Opinion

The Great Debate

The best weapon to fight the Islamic State is already in Iraq

A Kurdish Peshmerga fighter stands guard at the Bakirta frontline near the town of Makhmur

In 21st century Iraq, the enemy is not a state, though it calls itself one. The Islamic State in Iraq and the Levant (ISIL) is a group of Islamist insurgents whose presence stretches across the border between Syria and Iraq.

The only way to defeat the Islamic State is through military force, but Americans will not be doing the fighting on the ground. General John Allen, who commanded NATO forces in Afghanistan, has observed that, “the Kurds, the Sunnis and the Free Syrian resistance elements of the region are the ‘boots on the ground’ necessary to the success of this campaign.”

Make no mistake: dismantling a nascent Islamic State is a serious undertaking, involving thousands of U.S. personnel and a robust interagency effort. The insurgents are ruthless, resourceful and are adept at weaving themselves into the fabric of the region, making them virtually undetectable until they strike. If President Barack Obama’s strategy is to “contain” ISIL, not destroy it, as the New York Times reported on Aug.  22, he will fail.

Masked and without a uniform, ISIL is impossible to fight using the doctrines of the past. Airstrikes and raids will fail to do damage without actionable intelligence. To keep pace with and then overtake ISIL, the U.S. Central Command should first select a widely respected four-star officer to lead a new joint task force. It would operate inside Syria and Iraq, and along the Turkish and Iranian borders. No Burger Kings or Best Buys on this base.

And every part of the U.S. intelligence and military apparatus has to work together; just they did with the interagency Joint Task Forces in Iraq and Afghanistan in 2003.

Iraq airstrikes: You read the news, now get the context

Relatives mourn the death of a Kurdish People's Protection Units (YPG) fighter, killed during clashes with Islamic State fighters in the Iraqi city of Rabia on the Iraqi-Syrian border, during his funeral in Ras al-Ain

Once you read the latest news about the U.S. airstrikes and humanitarian drops in Iraq, turn to commentary for the context you need to fully understand what is happening and how we got here. Here is a quick tour:

You can start with incisive background from Spencer Ackerman, national security editor at the Guardian. He provides additional framework for the Obama administration’s decision to use air power. It’s about far more than protecting U.S. advisers in Irbil, Ackerman says. He lays out why the White House felt compelled to protect the pro-U.S. Kurds against the Islamic State of Iraq and the Levant (ISIL, also known as ISIS). Ackerman then looks at the possible military hardware involved. His reporting continues today with Dan Roberts here.

While you’re on the Guardian site, read the explainer about the Yazidis, the Iraqi religious minority sect besieged atop Mount Sinjar.

If Iraq must be divided, here’s the right way to do it

Shi'ite volunteers, who have joined the Iraqi army to fight ISIL, hold a sign during a graduation ceremony in Najaf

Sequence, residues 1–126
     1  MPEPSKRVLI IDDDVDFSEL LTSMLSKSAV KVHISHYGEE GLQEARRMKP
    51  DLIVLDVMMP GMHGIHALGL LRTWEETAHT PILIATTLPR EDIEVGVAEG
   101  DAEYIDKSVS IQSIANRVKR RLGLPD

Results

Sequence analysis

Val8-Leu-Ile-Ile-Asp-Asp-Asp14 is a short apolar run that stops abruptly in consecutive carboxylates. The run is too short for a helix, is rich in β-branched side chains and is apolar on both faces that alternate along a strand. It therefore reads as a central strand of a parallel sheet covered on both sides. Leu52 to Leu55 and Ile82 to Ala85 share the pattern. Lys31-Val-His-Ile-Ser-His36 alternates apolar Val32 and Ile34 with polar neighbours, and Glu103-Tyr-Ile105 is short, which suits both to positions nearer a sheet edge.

As Iraq spirals toward chaos and its Kurdish region talks independence, the issue of partition, or federalism, has resurfaced. This is a concept that then-Senator Joe Biden strongly advocated in 2006. Though it would be difficult to accomplish, federalism could still be a helpful element as Iraqis struggle through their current tragic mess.

The appeal of federalism could grow if Iraqi leaders in Baghdad cannot agree soon on a government of national unity, ideally one without Prime Minister Nouri al-Maliki, who has proven so divisive. Whether a “soft partition” — meaning the creation of a Sunni autonomous zone to complement the existing Kurdish one — or “hard partition” –meaning the formal redrawing of regional lines — it would seem a natural idea. Not only because of the recent violence, which has caused hundreds of thousands of Iraqis to flee their homes, but also the arbitrariness with which state borders were drawn by the European powers after World War One.

We did a study of the possible soft partition of Iraq in 2007, and found that the new Sunni autonomous zone would need the following:

Iran: More than Persia

When Iranian President Hassan Rouhani was campaigning, he promised the country’s many ethnic minorities to expand the use of their languages. Rouhani recently signaled his intent to keep that promise, by appointing Iran’s first presidential aid for ethnic and religious minority affairs, acknowledging the country’s minority challenges.

In the multi-ethnic state that is Iran, the political meaning of the population’s diversity will have serious consequences as political normalization with the West continues. Both the United States and the European Union should understand the significance of Iran’s multi-ethnic makeup and prepare policies that can address it.

Washington and Brussels should view this process as similar to when Mikhail Gorbachev began opening the Soviet Union to the West, it quickly became apparent that the Soviet Union was –not only composed of Russians. Later, it became clear that what the West had considered to be “Yugoslavians” or “Czechoslovakians” were, in fact, many different ethnic groups.  Few of these peoples shared a civic-state identity.

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